To begin the evaluation I filled several magazines with Federal Cartridge Company American Eagle cartridges. The rifle had several hundred rounds through it and I expected the same performance for this Shooters Log test. These 55-grain FMJ cartridges burn clean, are affordable, and offer excellent accuracy in a practice load. I loaded the supplied MagPul magazine and a number of other various magazines I had on hand. The bolt was lubricated. AR15 rifles will run dirty but they will not run dry. I addressed man-sized targets at 25 and 50 yards, firing as quickly as I could get on target and align the sights. Keeping the hand forward on the handguard (and avoiding the gas block!) and controlling the rifle fast and accurate hits came easily. The rifle is controllable in rapid fire but then it is an AR15… The sights are adequate for the purpose. The Gunfighter grip is particularly ergonomic allowing excellent control. As for absolute accuracy with the iron sights, it isn’t difficult to secure 3-shot groups of two inches at 50 yards, par for the course with an iron-sighted carbine.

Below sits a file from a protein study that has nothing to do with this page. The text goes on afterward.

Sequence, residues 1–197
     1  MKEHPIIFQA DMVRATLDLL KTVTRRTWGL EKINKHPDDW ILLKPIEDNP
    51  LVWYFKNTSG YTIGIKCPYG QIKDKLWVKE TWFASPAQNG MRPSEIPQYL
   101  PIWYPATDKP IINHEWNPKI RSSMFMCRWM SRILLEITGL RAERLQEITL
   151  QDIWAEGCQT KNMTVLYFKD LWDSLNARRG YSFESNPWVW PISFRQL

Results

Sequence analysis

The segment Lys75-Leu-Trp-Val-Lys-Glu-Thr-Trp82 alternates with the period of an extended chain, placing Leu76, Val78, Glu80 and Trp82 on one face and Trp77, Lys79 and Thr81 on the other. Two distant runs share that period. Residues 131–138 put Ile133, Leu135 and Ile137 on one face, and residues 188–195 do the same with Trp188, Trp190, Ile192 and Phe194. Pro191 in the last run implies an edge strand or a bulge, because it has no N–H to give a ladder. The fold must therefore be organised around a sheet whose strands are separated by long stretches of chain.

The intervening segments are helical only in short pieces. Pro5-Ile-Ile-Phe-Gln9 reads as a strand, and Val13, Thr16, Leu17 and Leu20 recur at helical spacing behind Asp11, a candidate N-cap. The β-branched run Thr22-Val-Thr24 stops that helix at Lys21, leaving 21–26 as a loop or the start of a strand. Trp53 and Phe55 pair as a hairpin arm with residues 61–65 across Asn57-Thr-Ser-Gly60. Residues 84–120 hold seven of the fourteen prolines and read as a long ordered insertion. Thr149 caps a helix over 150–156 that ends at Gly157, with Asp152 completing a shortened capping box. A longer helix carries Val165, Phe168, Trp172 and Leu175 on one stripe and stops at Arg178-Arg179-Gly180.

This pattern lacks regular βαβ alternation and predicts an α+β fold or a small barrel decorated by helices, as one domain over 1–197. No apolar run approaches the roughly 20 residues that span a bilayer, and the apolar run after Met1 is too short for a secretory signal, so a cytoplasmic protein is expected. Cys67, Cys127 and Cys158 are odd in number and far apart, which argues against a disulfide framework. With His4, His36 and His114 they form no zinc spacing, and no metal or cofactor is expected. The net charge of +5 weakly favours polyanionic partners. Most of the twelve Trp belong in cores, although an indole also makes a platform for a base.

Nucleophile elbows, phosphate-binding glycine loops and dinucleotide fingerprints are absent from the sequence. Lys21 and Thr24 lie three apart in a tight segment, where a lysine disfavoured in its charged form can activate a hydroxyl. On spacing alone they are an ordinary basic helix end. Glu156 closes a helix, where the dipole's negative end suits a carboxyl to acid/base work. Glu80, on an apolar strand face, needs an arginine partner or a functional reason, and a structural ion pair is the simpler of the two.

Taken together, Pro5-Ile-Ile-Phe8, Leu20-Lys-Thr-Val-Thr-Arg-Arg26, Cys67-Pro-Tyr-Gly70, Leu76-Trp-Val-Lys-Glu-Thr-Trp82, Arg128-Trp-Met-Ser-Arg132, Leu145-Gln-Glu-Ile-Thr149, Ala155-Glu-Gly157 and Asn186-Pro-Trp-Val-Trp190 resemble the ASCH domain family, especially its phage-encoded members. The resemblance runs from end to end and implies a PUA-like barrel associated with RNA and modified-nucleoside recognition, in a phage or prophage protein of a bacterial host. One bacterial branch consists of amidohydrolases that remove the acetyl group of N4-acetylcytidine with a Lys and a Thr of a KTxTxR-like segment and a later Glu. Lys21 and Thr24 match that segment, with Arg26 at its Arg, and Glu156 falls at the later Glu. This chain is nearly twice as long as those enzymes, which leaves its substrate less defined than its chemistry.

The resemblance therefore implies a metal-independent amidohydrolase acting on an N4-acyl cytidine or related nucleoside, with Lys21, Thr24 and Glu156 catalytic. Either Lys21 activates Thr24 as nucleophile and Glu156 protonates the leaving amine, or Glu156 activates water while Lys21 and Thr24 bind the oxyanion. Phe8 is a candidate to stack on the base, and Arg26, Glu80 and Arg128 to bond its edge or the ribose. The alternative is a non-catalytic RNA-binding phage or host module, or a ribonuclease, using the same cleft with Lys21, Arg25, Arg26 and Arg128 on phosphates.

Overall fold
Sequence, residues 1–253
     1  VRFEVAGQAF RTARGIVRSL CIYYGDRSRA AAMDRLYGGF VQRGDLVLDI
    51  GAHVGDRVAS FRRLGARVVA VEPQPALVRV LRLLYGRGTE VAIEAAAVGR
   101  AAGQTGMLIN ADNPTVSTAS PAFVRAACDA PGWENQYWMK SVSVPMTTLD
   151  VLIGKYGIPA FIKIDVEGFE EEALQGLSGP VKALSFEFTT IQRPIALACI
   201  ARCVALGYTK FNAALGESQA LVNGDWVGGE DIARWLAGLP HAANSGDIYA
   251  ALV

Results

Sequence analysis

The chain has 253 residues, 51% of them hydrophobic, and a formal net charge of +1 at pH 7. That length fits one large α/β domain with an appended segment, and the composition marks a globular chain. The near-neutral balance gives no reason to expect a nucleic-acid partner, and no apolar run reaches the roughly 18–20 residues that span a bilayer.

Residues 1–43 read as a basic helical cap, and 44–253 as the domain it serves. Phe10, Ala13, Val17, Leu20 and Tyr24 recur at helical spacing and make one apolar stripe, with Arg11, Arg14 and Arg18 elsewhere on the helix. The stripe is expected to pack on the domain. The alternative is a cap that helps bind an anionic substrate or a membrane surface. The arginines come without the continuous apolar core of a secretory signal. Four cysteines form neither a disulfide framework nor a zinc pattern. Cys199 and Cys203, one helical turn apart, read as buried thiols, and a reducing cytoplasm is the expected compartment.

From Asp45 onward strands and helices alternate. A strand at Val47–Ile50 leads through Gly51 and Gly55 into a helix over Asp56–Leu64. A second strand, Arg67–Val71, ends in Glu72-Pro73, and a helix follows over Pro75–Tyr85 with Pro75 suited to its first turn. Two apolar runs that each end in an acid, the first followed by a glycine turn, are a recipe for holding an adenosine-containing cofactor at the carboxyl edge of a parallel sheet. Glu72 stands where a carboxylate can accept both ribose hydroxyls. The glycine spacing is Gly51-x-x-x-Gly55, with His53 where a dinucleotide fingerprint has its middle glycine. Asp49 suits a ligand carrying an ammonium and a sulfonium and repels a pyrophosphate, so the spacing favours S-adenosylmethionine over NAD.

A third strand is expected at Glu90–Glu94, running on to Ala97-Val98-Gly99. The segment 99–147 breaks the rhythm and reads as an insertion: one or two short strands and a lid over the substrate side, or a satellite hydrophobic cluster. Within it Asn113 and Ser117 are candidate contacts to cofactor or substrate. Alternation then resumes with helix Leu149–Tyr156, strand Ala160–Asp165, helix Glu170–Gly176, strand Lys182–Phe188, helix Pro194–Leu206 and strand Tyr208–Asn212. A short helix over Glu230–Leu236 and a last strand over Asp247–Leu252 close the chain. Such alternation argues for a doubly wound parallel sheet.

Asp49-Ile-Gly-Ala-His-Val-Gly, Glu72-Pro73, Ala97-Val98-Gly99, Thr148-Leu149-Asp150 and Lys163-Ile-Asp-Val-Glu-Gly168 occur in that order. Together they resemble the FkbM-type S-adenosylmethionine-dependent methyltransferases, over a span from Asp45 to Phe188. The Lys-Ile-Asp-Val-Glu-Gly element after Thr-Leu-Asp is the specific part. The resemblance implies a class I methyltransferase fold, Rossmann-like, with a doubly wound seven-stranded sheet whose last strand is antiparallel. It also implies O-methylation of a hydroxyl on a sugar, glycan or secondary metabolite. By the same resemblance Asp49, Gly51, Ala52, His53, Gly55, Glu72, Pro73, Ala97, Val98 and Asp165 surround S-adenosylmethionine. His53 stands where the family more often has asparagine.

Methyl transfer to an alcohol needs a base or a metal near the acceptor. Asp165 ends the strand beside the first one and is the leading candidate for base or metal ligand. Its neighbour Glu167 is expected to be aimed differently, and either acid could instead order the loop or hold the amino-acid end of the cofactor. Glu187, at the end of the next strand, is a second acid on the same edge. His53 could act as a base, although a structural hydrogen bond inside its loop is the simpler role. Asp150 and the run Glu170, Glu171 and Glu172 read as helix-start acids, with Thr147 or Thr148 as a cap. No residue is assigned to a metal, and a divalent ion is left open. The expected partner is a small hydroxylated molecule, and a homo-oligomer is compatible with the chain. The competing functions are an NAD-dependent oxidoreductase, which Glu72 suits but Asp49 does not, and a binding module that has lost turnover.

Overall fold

For a complete evaluation, you have to go further with accuracy testing and this means mounting a quality optic. I settled down with a mounted Lucid 6x1x24 rifle scope. This optic provides a good clear sight picture and has many advantages a trained rifleman can exploit. I settled down on the bench and attempted to find the best possible accuracy from the SAINT. Hornady has introduced a new line of AR15 ammunition. Since black rifles run on black ammunition the new loads should prove popular. My test samples of Hornady Black Ammunition featured the proven 75-grain BTHP. This is a good bullet weight for longer-range accuracy and it proved to give good results in the SAINT. I also tested a good number of popular .233 loads including a handload of my own, using the 60-grain Hornady A-Max bullet.